Like many professions, science is full of apparent contradictions: research often seems difficult and tedious, and yet scientists claim that it is fun; science is all about expanding our knowledge, but scientists are expected to be skeptical of new ideas. How do practicing scientists reconcile such tensions? Here, we’ll explore some of science’s balancing acts.
Skepticism vs. openness
On one hand, science is cautious. The current set of working hypotheses are the best we have so far. They have been extensively tested and fit much of the available evidence. Because currently accepted ideas are so useful and well-supported, scientists tend to be skeptical of new ones, and expect substantial evidence in favor of new explanations before accepting them. On the other hand, science is open to change. Though it might take both time and extensive supporting evidence, a new theory or hypothesis will ultimately gain acceptance if it is really better than any other at generating accurate expectations, providing explanations, and leading to new questions and ideas.
This tension between skepticism and openness often characterizes major shifts in scientific thinking. For example, the theory of plate tectonics (our current framework for understanding the geological forces at work in the Earth) faced a long struggle for acceptance. When the first evidence for the theory was presented in 1912, most scientists were skeptical. The theories they already had helped explain how mountains were built, and they could be used to do practical things like find oil. But evidence for plate tectonics kept piling up, from rock formations on different continents that matched up like puzzle pieces, to deposits from glaciers that are now found in the tropics. By the 1960s, scientists saw that the new theory was able to explain many things that the old one couldn’t — and skepticism gave way to acceptance. Although it took half a century, this balancing act ultimately tipped in favor of change once it was clear where the weight of the evidence fell.
Equality of ideas vs. objective evaluation
Science doesn’t treat all ideas equally. In science, potentially important ideas are likely to get more investigation and ideas with more evidence behind them are more likely to be accepted. However, scientists do try to be objective in evaluating ideas. Objective decision-making involves considering evidence without allowing personal beliefs to influence its interpretation. A scientist tries to judge an idea based on the evidence for and against it — no matter how much he or she likes that idea, no matter how much he or she stands to gain from it, and no matter how popular the idea is with other scientists.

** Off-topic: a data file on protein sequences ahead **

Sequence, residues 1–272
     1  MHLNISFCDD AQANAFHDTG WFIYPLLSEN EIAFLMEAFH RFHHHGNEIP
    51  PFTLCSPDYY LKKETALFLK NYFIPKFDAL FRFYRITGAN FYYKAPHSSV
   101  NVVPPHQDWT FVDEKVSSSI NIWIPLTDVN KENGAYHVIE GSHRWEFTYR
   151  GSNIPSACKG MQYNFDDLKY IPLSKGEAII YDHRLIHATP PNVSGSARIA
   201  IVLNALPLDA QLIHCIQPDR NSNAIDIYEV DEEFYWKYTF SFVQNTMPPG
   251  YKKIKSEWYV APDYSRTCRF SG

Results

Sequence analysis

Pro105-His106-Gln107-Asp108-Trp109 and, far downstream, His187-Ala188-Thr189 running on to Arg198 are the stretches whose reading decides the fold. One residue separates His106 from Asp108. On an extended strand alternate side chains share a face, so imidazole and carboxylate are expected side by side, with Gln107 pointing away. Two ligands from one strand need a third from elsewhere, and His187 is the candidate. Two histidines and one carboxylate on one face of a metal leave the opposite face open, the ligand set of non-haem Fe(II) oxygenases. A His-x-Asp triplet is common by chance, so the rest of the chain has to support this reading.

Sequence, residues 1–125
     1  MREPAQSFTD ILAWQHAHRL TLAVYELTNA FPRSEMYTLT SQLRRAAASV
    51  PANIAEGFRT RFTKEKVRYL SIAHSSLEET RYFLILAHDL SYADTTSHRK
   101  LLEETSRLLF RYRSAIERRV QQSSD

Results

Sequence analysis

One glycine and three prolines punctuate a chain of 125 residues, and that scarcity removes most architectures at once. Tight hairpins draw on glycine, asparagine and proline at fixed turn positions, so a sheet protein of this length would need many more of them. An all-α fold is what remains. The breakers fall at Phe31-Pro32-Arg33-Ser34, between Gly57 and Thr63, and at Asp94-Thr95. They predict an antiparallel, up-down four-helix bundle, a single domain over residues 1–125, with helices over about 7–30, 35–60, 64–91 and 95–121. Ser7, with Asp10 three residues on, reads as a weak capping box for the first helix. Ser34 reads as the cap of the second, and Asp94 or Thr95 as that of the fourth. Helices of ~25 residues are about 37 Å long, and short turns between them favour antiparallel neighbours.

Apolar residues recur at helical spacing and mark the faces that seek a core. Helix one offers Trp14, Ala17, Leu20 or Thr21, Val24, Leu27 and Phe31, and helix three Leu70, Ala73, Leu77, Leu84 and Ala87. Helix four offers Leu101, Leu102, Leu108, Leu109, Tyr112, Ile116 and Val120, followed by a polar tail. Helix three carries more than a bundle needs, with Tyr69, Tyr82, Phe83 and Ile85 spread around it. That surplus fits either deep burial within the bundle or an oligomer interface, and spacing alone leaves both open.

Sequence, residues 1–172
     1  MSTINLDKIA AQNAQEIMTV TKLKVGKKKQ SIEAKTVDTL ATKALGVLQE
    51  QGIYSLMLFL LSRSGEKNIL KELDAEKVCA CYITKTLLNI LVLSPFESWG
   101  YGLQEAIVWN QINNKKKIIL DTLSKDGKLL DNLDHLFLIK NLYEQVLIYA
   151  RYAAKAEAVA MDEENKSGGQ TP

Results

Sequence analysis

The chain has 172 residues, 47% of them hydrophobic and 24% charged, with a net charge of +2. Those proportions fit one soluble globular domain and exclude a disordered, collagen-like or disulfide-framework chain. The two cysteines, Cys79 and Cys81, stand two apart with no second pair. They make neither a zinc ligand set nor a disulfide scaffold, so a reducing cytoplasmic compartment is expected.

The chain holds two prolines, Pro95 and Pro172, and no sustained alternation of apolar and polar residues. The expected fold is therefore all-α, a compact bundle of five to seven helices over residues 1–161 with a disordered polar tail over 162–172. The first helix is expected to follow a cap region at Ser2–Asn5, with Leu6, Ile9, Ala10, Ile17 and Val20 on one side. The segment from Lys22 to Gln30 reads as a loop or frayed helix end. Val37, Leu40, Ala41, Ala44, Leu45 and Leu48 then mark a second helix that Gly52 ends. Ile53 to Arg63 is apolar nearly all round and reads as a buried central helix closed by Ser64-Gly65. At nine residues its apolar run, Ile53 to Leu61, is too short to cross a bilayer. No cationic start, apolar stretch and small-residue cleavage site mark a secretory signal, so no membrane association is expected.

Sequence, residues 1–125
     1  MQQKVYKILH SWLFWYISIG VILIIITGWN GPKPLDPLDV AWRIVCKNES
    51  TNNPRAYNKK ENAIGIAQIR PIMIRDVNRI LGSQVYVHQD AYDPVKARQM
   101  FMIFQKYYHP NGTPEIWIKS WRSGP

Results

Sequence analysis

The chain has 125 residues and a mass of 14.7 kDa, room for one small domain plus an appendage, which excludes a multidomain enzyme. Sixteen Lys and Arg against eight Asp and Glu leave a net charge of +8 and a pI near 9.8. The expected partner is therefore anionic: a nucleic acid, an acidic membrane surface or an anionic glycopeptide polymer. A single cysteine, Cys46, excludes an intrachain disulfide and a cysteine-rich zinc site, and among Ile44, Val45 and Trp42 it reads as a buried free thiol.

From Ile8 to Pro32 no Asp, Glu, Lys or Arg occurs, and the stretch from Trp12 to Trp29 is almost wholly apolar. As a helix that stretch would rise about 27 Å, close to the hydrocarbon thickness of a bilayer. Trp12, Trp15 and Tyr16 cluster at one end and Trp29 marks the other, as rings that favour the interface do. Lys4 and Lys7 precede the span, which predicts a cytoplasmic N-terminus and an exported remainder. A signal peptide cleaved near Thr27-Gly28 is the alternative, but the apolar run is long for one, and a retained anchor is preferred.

The emphasis on objectivity over equality of ideas is obvious in almost any scientific mystery. For example, over the past fifty years scientists have considered a multitude of scenarios that might explain why the dinosaurs went extinct 65 million years ago. Some of these may seem far-fetched (allergies to new flowering plant species), some appealing (competition from mammals), and some complex (volcanism and an asteroid impact that altered the atmosphere, blocked sunlight, and triggered severe ecological changes). While all of these ideas were considered as potential explanations, ultimately, they were not viewed as equal by scientists. Objective evaluation of the evidence supported some hypotheses over others. For example, a world-wide layer of sediment rich in iridium, an element common in asteroids, dating to the same time as the dinosaur extinction is compelling evidence for an impact. Because scientists wanted to thoroughly test the idea of an asteroid impact and learn even more about how this might have resulted in a mass extinction, the idea has been the subject of more research than other potential explanations.